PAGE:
A field in Chilbolton, Hampshire, could help unlock the secrets of peculiar rotating neutron stars known as pulsars.
It's here that an international team, including Oxford University scientists, are building an array that, linked up with stations in the Netherlands, Germany, and France will form LOFAR, one of the world's most powerful radio telescopes.
I asked LOFAR scientist Aris Karastergiou of Oxford's Department of Physics about the new telescope, the search for pulsars, and how games console hardware could help decode their enigmatic signals...
OxSciBlog: What makes pulsars so challenging to study?
Aris Karastergiou: In a sense it is amazing that we can study pulsars at all, as they are compact objects around 10-20 km in diameter. However, they emit very bright beams of light (in the radio frequencies) from their two magnetic poles, which sweep through space as the pulsar rotates.
If Earth happens to be in the path of these sweeping beams of a pulsar, we can point a radio telescope towards it and collect this light. Even then, however, the fact that the most scientifically interesting pulsars rotate over 100 times a second means that observations require not only high sensitivity but also very fast recorders, capable of sampling the incoming light at extremely short intervals.
The fact that pulsar light travels through the Galaxy before reaching us adds further challenges to pulsar studies, as radio waves interact with electrons in the medium between the stars.
OSB: What is LOFAR and how can it help with these studies?
AK: LOFAR (the Low Frequency Array) is a brand new telescope, made up of a large number of receiving elements organised in so-called stations. The core of this telescope is located in the Netherlands, while outer stations are located in Germany, France, the UK and elsewhere. Unlike other radio telescopes, LOFAR is not made up of parabolic reflectors (like satellite dishes), but of little radio antennas.
To point the telescope at a star in the sky, we electronically combine the signals from these antennas with a certain set of time delays LOFAR is a very sensitive telescope and we expect to discover a large number of new pulsars by surveying the northern sky. Compared to the existing giant radio telescopes, pulsars are brighter at LOFAR radio frequencies.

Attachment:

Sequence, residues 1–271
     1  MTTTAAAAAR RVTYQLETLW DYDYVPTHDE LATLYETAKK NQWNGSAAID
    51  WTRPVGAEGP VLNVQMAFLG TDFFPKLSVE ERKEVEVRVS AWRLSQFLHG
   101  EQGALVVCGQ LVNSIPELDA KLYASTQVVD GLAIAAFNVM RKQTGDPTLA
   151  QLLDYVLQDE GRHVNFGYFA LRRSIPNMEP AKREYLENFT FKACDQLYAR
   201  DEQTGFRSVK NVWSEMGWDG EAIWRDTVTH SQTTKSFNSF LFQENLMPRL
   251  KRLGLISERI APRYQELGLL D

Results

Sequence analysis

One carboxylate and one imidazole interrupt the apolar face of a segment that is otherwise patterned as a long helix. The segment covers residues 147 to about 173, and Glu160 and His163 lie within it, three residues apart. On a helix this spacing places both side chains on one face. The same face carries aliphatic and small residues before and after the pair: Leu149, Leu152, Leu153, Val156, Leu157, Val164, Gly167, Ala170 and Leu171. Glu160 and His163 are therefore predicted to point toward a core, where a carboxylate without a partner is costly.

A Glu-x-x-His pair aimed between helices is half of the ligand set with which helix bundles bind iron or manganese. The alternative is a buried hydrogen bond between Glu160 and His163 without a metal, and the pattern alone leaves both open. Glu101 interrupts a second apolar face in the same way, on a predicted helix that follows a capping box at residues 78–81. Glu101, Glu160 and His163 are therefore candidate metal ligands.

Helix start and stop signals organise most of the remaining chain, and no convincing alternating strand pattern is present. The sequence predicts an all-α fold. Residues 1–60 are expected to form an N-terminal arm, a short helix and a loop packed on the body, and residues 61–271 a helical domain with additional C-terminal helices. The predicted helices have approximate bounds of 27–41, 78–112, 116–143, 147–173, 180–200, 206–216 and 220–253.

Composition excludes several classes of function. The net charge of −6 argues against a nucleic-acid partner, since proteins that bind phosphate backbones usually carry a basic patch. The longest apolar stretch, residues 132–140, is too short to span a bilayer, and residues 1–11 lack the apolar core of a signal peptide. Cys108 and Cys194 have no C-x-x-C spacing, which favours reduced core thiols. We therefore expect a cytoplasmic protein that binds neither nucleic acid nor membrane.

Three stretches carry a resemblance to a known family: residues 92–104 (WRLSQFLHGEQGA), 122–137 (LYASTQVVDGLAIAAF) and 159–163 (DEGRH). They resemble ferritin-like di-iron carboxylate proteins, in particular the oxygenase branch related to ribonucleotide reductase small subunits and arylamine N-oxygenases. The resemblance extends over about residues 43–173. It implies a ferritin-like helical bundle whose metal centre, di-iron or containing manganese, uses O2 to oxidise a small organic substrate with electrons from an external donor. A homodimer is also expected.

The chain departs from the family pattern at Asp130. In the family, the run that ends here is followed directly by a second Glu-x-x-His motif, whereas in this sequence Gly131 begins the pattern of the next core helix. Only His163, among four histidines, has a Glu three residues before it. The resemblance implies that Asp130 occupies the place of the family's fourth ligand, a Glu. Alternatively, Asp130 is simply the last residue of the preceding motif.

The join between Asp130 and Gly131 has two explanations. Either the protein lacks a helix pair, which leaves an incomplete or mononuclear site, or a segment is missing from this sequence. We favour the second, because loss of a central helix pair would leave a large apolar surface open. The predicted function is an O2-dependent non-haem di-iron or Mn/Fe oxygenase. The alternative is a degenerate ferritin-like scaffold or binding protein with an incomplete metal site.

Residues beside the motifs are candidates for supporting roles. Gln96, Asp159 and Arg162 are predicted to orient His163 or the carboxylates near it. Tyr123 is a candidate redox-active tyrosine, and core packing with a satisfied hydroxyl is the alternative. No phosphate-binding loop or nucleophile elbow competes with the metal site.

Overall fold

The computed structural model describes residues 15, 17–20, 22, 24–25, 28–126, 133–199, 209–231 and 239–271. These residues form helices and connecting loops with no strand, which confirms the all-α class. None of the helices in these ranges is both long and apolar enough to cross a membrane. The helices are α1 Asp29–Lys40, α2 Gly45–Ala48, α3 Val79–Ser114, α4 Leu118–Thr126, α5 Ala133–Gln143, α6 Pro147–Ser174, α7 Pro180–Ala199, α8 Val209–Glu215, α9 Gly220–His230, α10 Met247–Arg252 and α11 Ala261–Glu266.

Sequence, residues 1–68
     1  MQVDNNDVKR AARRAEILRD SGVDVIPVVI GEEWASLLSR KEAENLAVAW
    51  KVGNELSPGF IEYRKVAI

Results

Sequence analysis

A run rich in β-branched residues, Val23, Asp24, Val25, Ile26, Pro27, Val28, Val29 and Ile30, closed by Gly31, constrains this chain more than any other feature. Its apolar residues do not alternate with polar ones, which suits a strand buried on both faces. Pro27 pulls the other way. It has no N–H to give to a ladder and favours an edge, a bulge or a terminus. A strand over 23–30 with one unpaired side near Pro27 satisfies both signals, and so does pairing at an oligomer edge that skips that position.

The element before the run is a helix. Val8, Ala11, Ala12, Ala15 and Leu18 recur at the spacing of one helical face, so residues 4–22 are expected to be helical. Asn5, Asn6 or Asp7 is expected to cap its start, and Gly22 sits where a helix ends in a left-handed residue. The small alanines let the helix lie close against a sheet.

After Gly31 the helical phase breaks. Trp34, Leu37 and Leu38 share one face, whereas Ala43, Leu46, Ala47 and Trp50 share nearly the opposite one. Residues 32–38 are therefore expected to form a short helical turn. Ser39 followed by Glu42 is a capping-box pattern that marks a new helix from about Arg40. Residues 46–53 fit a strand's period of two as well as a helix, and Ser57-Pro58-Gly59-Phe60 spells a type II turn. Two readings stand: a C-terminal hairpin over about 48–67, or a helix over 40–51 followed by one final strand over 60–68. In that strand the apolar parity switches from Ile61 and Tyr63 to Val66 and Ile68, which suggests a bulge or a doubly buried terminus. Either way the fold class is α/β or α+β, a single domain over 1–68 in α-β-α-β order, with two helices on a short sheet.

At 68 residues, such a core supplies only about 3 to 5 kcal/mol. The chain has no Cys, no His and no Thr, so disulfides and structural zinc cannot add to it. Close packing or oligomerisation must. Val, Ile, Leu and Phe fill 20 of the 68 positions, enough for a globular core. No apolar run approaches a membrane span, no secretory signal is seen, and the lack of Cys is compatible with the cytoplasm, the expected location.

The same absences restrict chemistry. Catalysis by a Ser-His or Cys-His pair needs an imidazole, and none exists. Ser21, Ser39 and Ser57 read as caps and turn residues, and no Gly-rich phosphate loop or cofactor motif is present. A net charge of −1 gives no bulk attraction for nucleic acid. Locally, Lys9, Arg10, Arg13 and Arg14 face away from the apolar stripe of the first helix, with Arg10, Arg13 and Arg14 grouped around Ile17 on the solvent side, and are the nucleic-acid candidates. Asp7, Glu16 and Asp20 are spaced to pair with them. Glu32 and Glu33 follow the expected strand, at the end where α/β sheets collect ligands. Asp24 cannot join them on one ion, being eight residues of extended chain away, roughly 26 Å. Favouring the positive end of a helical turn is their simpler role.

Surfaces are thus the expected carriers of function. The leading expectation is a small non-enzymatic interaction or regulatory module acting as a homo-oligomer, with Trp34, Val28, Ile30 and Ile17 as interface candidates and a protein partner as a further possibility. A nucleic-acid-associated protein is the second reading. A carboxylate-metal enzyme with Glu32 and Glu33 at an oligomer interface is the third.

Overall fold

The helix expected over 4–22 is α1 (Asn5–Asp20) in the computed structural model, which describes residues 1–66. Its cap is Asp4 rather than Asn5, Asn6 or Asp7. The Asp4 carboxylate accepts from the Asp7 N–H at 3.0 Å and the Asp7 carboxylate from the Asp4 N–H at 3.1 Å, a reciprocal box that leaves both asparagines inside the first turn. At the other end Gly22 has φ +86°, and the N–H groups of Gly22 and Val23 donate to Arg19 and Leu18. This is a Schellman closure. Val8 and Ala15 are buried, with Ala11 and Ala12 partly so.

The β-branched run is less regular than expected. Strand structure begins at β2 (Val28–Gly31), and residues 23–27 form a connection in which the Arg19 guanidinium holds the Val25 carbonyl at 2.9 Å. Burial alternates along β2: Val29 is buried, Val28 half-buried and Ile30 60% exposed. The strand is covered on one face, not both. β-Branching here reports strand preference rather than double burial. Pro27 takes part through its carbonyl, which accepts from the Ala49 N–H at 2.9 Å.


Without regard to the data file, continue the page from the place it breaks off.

Observing at low frequencies will give us better understanding of the radio emission mechanism, and also shed light on the physical processes associated with the propagation of pulsar light through our Galaxy.
OSB: What difference will the new Chilbolton facility make?
AK: Each of the international LOFAR stations, including Chilbolton, contributes to LOFAR by increasing the capability to tell apart objects in the sky that appear very near to each other. If we imagine that LOFAR can take photographs of the sky, the most distant stations are necessary to reduce the pixel size and make images of greater detail.
On the other hand, the international LOFAR stations are very sensitive telescopes in their own right and can be used independently from LOFAR. They can observe large fields in the sky with large sensitivity and very fast sampling of the incoming radiation, making them very useful instruments for searches of bursty signals like giant radio pulses from pulsars.
We are enhancing the LOFAR station at Chilbolton to take full advantage of these capabilities, and we aim to transform it into a fantastic instrument of discovery.
OSB: How does the sort of hardware found in games consoles help you analyse signals?
AK: Modern games consoles use very powerful graphics processors to deliver stunning images and animation. The secret behind this lies in the enormous computing power of these processors at performing certain simple calculations in parallel. When searching for bright, short duration radio pulses of astronomical origin, we need to counter the effects of propagation of light through the Galaxy. This process involves a simple, repetitive algorithm that can be easily run in parallel on graphics processors.
We are currently building a computer cluster based on graphics processing units, which will be capable of performing a real-time search for bright, short duration astrophysical radio pulses in the data from the Chilbolton station.
Dr Aris Karastergiou is based at Oxford University's Department of Physics where he is a Leverhulme Early Career Fellow.